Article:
You know a conversation is going in the wrong direction as soon as someone says “Well … I just assumed”. For example, when you’re talking to your wife and you say “I just assumed you’d be fine with my parents staying with us when they came to visit” or “I just assumed it’d be ok if we missed our date night this week since I’m busy at work”, even if you “win” that argument, you’ve definitely lost something in the relationship.
Today’s marketers make a lot of assumptions about consumers
As my co-founder Andy pointed out in a recent post, digital marketing these days is really about monitoring people. Companies monitor the online behavior of consumers – the websites they visit, the articles they read, the things they like on social media, etc – and marketers use that information to make assumptions about what content, products, or offers those consumers may be most interested in.
But we all know from personal experience that marketers get this wrong much more often than they get it right. If the consumer had the ability to question the marketer directly about this, I could picture the marketer saying something like “I just assumed you’d be interested in this email since you viewed that article the other day” or “I just assumed that ad would be relevant to you since you liked that post”. And then the consumer might respond with a note of derision, “You know what happens when you assume, right? You make an ‘ass’ out of ‘u’ and ‘me’.”
That’s the real tragedy of all these assumptions being made. They lead to bad digital experiences for the consumer and a lot of wasteful marketing spending for companies – a true lose-lose situation.
Knowing consumers rather than assuming you know them
As our team really dug deep into this dilemma, we came to a simple conclusion. If brands want to get to know their customers, they should just talk to them. This hasn’t historically been possible with websites, mobile apps, or emails and it hasn’t been cost-effective to do at scale through web chat or phone calls. With the advent of conversational chatbots on popular messaging platform such as Facebook Messenger, however, marketers can for the first time talk to all of their customers in an intimate way and get to know them directly as individuals.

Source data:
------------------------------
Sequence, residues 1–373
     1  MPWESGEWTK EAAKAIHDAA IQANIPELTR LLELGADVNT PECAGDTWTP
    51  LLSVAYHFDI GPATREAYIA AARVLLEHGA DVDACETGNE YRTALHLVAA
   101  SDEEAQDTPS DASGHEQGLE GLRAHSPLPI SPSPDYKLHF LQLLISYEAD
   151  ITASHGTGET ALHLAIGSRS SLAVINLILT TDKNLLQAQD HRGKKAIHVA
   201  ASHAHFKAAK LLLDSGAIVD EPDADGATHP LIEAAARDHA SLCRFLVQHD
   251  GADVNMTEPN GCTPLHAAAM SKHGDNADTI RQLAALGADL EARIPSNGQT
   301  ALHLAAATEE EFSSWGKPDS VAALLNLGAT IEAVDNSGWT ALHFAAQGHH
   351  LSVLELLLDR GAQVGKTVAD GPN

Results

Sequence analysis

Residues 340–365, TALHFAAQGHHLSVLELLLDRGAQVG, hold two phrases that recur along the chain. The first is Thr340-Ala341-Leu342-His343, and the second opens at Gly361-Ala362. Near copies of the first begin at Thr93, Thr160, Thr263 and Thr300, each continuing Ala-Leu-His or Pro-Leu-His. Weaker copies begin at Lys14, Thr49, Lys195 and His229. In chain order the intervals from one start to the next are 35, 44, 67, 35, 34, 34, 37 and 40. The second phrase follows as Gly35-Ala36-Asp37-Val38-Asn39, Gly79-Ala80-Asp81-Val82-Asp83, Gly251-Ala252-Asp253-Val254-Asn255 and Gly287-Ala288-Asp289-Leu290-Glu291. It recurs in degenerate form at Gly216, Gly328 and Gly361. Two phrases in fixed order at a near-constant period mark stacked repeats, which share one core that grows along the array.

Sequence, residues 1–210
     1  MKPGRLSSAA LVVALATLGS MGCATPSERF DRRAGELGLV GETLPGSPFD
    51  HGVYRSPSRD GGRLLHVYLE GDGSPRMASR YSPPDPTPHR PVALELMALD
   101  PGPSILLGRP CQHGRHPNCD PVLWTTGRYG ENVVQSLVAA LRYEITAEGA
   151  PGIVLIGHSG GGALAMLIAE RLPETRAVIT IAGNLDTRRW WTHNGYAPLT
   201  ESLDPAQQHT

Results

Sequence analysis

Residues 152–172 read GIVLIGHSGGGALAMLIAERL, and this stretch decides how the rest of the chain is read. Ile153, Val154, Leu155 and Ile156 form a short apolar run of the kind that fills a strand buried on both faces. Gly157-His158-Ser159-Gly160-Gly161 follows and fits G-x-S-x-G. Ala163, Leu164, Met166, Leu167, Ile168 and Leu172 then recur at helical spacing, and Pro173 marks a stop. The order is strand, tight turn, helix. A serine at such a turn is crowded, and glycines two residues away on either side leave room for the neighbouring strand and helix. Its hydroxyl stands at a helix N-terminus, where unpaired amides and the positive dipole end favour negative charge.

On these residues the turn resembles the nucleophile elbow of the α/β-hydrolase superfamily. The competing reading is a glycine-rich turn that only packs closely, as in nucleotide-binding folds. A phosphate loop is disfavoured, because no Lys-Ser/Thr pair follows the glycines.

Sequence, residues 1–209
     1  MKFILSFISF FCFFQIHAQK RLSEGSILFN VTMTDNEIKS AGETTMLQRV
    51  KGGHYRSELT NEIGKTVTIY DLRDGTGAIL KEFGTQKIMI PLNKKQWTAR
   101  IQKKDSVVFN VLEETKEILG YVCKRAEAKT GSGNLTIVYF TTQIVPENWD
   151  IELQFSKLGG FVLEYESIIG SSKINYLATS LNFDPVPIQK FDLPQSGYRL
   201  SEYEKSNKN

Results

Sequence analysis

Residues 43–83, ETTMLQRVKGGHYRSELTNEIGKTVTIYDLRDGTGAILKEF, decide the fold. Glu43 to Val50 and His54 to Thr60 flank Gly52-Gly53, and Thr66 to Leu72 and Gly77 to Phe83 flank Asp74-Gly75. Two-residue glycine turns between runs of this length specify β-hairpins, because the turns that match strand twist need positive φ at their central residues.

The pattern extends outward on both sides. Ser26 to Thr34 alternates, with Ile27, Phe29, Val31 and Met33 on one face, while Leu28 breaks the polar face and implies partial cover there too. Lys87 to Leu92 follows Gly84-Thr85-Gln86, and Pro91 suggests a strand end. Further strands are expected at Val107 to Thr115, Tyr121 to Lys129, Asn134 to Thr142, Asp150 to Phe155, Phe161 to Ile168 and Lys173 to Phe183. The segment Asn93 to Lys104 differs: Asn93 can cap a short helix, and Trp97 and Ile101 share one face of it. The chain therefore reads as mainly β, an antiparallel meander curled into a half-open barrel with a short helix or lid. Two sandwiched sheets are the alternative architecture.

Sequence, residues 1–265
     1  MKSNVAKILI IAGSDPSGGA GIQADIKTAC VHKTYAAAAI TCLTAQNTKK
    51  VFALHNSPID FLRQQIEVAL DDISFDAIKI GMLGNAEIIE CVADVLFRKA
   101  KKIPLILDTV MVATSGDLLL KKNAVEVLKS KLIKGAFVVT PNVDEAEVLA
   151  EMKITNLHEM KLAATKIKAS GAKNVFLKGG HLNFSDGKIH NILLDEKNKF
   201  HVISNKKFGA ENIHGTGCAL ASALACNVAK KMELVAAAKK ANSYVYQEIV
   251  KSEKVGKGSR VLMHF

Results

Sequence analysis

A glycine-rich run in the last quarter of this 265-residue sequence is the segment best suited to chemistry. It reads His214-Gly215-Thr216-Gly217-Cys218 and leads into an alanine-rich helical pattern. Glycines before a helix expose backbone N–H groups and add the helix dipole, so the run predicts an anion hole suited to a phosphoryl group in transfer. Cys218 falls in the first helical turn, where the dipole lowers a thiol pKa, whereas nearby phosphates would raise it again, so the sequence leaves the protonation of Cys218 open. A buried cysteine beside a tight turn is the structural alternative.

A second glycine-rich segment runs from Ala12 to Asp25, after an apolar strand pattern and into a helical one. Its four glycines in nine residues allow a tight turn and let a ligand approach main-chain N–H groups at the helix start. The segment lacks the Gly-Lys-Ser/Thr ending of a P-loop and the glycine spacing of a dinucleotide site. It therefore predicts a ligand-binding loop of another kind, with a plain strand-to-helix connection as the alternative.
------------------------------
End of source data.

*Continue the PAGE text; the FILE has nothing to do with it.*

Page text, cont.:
For example, in the case of L’Oreal, the Beauty Gifter chatbot builds a rich profile of each user – including their skin type, skin concerns, product usage patterns, and makeup preferences – to drive personalized product recommendations. This first-party data is also stored in a CRM system to help drive future customer interactions. Not surprisingly, when asked, 82% of users said that they love the experience – a real win-win for both the consumer and the company.
Every company wants consumer insights and personalization
When we talk to companies, particularly in the beauty industry, two consistent threads through all of those discussions are the imperatives for consumer insight and personalization. We’re seeing this for a number of reasons:
- Reducing dependence on second- and third-party data. In defense of marketers, they generally recognize that making assumptions about consumers based on second- and third-party data isn’t a great approach to building a relationship with that consumer. They also point to the black-box nature of second- and third-party data with respect to not knowing exactly how the customer segments and attribution were created, how accurate the information still is, and therefore the applicability (or not) to how they intend to use it for targeting. Furthermore, most savvy marketers see the writing on the wall from new data privacy regulations in the EU and elsewhere and know it’s just a matter of time until some of today’s data sources go away entirely or are significantly curtailed. By collecting and using their own first-party data, these marketers can get ahead of that curve while maintaining full control over the integrity and application of their data.